Could your phone be carrying the flu?
Some doctors say your cell phone is a breeding ground for germs. We're constantly using them, but how often do you really give them a cleaning?
If you're like most people, hardly ever.
Studies show our phones can be layered with staph bacteria, fecal bacteria, and various viruses that can transmit pinkeye infections, colds, and even the flu.
But, cleaning your phone can get confusing. Alibaba Farzaneh owns the boost mobile store in the Westfield shopping center. He says people often damage their phones while attempting to clean them. "Almost everyday, people make a mistake," Farzaneh said. "They take the spray bottle and spray on the phone and try to wipe it. Moisture goes inside the phone, damages the battery or damages the memory card, and then they come over and say my phone is not working."
Never use paper towels to wipe down your phone, the lint gets inside the cracks and crevices and causes damage. If you have a phone with a keypad, you can use cotton swabs to clean around those tiny buttons.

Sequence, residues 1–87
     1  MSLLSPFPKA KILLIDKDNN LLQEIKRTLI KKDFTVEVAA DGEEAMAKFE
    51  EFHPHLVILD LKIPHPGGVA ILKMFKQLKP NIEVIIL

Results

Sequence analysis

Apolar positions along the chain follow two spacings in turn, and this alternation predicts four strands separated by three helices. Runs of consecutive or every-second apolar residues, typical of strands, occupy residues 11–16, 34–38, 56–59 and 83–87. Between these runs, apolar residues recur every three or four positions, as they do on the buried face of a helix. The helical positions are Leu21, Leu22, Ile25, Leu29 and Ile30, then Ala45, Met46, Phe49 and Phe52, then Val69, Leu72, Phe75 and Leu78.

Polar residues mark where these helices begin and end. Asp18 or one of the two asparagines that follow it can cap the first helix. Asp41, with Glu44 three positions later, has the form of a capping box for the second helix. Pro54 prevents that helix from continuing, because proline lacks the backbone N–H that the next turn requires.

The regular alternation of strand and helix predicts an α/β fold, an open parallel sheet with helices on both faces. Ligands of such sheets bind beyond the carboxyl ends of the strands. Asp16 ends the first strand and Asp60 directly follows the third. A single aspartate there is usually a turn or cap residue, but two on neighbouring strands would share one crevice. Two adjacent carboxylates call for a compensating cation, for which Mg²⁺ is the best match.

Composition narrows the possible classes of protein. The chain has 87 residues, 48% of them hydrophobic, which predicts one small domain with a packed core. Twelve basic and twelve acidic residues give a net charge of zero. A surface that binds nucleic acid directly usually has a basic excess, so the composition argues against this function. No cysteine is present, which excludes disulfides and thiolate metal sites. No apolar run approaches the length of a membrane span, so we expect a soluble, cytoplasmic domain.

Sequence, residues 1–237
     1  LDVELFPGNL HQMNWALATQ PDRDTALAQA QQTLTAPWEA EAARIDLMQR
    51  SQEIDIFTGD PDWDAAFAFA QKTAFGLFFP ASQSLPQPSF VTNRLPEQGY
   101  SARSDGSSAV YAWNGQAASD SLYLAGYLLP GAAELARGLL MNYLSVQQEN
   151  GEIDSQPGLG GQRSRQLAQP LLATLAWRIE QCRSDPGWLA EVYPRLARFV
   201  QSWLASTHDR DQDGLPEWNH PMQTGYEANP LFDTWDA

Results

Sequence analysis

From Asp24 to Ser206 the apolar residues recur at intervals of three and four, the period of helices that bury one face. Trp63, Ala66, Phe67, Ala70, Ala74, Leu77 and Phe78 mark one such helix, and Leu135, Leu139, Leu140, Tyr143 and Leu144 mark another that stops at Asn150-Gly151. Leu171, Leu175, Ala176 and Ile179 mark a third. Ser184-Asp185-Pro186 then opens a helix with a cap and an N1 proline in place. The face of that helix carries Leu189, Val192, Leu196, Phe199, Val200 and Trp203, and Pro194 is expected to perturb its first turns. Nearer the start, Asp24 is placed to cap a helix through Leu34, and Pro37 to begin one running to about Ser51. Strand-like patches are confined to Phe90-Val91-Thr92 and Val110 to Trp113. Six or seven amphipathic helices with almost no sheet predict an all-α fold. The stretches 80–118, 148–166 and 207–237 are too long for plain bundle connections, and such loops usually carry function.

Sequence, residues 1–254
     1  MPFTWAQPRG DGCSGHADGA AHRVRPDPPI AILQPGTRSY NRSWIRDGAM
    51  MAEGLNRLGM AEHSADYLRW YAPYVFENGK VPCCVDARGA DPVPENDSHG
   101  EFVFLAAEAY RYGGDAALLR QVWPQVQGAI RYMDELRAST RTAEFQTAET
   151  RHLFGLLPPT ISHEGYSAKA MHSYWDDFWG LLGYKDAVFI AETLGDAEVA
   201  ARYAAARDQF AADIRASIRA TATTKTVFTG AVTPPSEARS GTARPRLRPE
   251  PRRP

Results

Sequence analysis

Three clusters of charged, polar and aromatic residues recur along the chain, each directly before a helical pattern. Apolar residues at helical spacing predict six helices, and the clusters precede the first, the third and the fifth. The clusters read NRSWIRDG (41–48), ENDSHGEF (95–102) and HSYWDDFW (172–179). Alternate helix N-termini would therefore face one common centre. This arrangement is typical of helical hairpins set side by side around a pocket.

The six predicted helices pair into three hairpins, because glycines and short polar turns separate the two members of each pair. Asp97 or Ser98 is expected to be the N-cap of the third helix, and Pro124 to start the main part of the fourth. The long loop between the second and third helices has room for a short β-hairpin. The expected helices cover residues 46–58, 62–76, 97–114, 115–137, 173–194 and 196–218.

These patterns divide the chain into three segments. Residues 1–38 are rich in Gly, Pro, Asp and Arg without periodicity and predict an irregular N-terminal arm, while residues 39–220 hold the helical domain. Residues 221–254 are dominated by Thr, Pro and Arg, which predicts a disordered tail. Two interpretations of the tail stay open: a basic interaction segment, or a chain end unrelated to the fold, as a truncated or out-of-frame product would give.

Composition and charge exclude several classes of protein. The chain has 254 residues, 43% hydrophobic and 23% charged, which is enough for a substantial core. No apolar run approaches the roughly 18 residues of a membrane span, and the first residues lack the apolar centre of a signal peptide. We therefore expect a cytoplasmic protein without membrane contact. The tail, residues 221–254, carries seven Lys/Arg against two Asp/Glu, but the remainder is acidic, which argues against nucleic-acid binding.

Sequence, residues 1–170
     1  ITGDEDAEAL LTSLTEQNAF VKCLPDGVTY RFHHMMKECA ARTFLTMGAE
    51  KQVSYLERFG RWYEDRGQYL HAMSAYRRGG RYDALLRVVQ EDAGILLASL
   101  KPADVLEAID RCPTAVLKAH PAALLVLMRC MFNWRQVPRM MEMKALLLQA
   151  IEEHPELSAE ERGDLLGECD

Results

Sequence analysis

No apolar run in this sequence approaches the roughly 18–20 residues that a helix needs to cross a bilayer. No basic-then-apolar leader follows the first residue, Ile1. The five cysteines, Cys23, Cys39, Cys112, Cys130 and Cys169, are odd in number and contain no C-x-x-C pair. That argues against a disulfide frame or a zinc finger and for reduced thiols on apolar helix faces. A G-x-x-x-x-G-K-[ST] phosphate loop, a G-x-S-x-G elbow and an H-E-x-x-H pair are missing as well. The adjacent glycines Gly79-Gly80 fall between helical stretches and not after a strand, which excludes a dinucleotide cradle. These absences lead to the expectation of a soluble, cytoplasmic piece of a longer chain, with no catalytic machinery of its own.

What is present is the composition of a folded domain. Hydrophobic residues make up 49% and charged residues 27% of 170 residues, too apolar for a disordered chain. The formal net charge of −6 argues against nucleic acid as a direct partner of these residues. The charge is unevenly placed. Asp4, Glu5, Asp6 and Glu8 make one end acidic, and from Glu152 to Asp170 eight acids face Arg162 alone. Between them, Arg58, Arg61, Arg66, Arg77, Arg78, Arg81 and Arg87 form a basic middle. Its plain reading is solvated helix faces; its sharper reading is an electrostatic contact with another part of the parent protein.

Also, remember to never apply or spray solution directly on your phone. Instead, pick up a lint free cloth or cotton wipe from your local drugstore or electronics store, and put some disinfectant on that before wiping down your phone.
But, be careful with household cleaners, which can be too harsh for a majority of phones. Window cleaners, aerosol sprays and ammonia are guaranteed to stain you phone or remove the finish.
Experts recommend cleaning your cell phone at least once a week, and even more often during cold and flu season.
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